William Warren

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William Warren is a psychologist whose research focuses on the visual control of action – in particular, human locomotion and navigation. He seeks to explain how this behavior is adaptively regulated by multi-sensory information, within a dynamical systems framework. Using virtual reality techniques, his research team investigates problems such as the visual control of steering, obstacle avoidance, wayfinding, pedestrian interactions, and the collective behavior of crowds. Experiments in the Virtual Environment Navigation Lab (VENLab) enable his group to manipulate what participants see as they walk through a virtual landscape, and to measure and model their behavior. The aim of this research is to understand how adaptive behavior emerges from the dynamic interaction between an organism and its environment. He believes the answers will not be found only in the brain, but will strongly depend on the physical and informational regularities that the brain exploits. This work contributes to basic knowledge that is needed to understand visual-motor disorders in humans, and to develop mobile robots that can operate in novel environments.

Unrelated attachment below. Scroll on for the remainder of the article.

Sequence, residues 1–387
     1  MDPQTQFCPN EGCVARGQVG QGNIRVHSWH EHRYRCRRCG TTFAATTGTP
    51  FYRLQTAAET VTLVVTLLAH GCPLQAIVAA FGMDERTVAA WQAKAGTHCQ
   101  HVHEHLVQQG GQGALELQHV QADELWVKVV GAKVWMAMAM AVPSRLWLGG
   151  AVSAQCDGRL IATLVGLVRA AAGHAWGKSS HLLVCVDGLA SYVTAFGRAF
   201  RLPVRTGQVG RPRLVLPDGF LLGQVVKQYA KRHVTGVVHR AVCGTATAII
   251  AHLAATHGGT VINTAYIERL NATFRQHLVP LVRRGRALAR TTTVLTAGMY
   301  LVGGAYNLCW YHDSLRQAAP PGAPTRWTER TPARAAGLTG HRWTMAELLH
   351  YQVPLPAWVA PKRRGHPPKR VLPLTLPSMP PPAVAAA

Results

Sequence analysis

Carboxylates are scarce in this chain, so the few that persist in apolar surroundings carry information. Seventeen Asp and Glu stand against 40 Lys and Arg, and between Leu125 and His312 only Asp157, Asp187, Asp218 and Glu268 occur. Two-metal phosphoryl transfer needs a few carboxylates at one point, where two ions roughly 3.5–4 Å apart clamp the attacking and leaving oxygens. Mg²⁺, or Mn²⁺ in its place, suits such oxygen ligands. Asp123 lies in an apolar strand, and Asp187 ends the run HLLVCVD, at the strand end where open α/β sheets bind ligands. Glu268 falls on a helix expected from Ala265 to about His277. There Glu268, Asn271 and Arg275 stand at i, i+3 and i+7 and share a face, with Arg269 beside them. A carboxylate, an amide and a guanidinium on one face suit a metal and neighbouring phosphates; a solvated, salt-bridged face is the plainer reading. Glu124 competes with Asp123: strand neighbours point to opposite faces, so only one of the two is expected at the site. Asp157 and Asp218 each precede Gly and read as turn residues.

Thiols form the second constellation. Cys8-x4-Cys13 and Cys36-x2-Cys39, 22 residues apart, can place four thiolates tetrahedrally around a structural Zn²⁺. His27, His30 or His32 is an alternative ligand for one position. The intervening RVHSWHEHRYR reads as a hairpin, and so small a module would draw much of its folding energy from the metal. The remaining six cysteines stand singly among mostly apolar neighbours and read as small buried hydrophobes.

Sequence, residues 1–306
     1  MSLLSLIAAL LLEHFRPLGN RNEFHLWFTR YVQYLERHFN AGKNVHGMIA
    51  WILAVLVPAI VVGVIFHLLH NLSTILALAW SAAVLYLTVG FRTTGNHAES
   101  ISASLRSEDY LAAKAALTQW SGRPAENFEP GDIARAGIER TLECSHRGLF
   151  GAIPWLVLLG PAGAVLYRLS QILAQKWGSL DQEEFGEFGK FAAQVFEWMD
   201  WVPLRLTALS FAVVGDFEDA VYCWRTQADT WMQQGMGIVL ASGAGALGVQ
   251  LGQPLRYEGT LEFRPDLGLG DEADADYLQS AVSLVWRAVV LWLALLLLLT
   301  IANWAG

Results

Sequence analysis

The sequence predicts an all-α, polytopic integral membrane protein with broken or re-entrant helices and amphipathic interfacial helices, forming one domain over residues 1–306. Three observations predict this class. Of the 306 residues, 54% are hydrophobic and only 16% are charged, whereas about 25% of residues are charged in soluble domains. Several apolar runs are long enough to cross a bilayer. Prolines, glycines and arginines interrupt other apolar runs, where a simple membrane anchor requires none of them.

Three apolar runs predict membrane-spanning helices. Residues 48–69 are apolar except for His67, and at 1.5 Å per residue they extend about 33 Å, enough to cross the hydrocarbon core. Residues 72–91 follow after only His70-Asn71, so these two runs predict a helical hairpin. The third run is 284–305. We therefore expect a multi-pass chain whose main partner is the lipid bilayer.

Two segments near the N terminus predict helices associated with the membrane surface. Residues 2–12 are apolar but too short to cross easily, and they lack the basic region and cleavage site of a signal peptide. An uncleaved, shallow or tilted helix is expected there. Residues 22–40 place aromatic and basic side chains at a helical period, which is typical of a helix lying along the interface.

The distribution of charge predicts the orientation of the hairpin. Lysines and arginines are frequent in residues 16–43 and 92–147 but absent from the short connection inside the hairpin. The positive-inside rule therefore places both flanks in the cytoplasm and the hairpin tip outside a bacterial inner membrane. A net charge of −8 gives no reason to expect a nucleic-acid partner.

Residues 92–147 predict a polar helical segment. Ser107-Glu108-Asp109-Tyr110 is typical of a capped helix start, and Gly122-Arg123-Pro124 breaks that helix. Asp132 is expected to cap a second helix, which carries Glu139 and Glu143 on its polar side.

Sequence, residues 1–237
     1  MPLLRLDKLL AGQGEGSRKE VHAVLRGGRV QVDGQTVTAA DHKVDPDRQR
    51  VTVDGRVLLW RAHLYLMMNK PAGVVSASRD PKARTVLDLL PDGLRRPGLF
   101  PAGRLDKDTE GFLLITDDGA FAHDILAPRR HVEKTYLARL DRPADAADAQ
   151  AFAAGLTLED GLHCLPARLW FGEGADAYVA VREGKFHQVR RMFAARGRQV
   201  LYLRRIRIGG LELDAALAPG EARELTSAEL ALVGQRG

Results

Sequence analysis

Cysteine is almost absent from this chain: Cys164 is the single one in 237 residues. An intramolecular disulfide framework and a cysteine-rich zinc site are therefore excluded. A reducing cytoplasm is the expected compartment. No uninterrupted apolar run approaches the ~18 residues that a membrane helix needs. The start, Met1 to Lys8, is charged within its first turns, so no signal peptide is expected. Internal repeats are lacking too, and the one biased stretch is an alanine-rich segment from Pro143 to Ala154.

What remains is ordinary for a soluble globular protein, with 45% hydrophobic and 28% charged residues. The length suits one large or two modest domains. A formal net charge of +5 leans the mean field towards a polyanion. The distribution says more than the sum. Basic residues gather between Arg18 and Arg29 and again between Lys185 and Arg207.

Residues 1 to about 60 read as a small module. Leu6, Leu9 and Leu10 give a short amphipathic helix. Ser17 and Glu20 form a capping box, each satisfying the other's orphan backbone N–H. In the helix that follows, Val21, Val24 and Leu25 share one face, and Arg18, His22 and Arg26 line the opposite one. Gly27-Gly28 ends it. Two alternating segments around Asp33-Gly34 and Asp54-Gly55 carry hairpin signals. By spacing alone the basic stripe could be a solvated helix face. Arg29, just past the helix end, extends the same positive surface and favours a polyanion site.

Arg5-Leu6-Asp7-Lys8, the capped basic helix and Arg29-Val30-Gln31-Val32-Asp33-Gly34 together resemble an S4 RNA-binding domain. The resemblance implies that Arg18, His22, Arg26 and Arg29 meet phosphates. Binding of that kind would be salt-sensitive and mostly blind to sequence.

Publications

Here are the works of Warren included in the bibliographic records of this encyclopedia:

  • Warren (2005): Warren, William. (2005) Direct Perception: The View From Here. Philosophical Topics 33 (1), 335-361.

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Contributors

Paul Patton (100.0%)